How to Get a Home Bakery License in New Jersey

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A home bakery business provides a low-cost way to develop a small business in the state of New Jersey. With a dense population base, New Jersey provides the ideal opportunity for someone with the skills to bake breads, desserts and other items. While some bakers skirt the law, the safe approach to starting a business begins with obtaining a license to operate a home bakery. Obtaining a license requires only a few basic steps.

Obtain a federal tax identification number from the Internal Revenue Service. This is also known as an employer identification number, or EIN. This is used to identify a business during the filing of federal tax returns, statements and other tax documents. You can apply for an EIN online through the Internal Revenue Service website or by mail, fax or phone.

Contact the State of New Jersey Office of Consumer Environmental Health Services to request a business license application for a home bakery. You can contact them by phone or in person.

Complete New Jersey's home bakery license application, pay the $75 required licensing fees and submit your application. The application requires you to provide your name, address, the name of the business, a general description of the baker products that you will make, your federal tax ID, the number of employees and a copy of a state-issued ID.

Check with the county and city government on whether you need a county or city occupational license. Some cities require you to possess an occupational license to conduct business from your home. Many city ordinances allow for fines when home businesses do not possess occupational licenses.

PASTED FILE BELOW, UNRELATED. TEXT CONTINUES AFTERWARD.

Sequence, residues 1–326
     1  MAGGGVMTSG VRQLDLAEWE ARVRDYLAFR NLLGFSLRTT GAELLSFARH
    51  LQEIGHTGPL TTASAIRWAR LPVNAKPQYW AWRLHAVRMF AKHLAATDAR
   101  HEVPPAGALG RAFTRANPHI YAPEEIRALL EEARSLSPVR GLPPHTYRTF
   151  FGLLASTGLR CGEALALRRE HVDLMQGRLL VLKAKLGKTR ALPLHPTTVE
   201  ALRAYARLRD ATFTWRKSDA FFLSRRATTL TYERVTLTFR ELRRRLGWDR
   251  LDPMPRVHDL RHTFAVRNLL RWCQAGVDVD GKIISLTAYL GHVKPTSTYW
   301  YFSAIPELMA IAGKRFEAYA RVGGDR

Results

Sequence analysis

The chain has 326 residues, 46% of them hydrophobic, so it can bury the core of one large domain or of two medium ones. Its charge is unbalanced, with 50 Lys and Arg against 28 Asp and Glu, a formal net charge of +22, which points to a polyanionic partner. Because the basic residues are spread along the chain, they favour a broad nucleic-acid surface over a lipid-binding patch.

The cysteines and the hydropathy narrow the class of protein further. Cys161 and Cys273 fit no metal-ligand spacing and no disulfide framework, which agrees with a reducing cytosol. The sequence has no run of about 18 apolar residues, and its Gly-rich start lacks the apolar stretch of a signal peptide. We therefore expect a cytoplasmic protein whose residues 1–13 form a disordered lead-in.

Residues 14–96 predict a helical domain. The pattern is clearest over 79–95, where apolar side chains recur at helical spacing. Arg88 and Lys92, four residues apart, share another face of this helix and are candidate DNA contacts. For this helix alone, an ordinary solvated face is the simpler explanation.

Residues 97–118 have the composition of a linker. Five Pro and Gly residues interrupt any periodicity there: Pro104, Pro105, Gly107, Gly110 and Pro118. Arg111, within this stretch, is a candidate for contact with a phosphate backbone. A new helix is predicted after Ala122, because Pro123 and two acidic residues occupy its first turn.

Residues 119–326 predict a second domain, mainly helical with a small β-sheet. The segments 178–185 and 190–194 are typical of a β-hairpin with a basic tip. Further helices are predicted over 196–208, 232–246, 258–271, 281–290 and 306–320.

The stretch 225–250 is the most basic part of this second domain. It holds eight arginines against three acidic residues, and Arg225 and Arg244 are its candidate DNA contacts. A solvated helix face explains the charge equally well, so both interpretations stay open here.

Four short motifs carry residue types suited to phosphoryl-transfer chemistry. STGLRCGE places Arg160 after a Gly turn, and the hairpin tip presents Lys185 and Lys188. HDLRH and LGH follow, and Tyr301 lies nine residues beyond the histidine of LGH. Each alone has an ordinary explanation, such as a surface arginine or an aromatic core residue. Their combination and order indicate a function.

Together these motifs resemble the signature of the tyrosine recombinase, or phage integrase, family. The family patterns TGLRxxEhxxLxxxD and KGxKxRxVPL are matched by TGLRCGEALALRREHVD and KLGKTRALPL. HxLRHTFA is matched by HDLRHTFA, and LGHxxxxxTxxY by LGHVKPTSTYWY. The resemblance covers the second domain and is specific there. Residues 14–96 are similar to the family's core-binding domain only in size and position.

Pass a county-level health inspection. In New Jersey, county health department officials must approve your kitchen for commercial use. The state will not approve your occupational license until you pass the health inspection. Health inspectors observe your workspace and your work routine and make note of whether you are adhering to good practices. Inspectors look for proper sanitation and cleanliness, proper food storage and methods in place to stop cross-contamination. The inspector also will ensure that the source of your raw food products meet standards. Cleanliness of counters, cabinets, floors, walls and ceilings also are a priority.

Wait for your state-issued occupational license to arrive in the mail.

Tips

  • Speaking with another home bakery professional can help you prepare for the licensing process.

Warnings

  • Failure to meet licensing requirements can result in fines.

References

Resources

About the Author

Based in Central Florida, Ron White has worked as professional journalist since 2001. He specializes in sports and business. White started his career as a sportswriter and later worked as associate editor for Maintenance Sales News and as the assistant editor for "The Observer," a daily newspaper based in New Smyrna Beach, Fla. White has written more than 2,000 news and sports stories for newspapers and websites. He holds a Bachelor of Arts degree in journalism from Eastern Illinois University.

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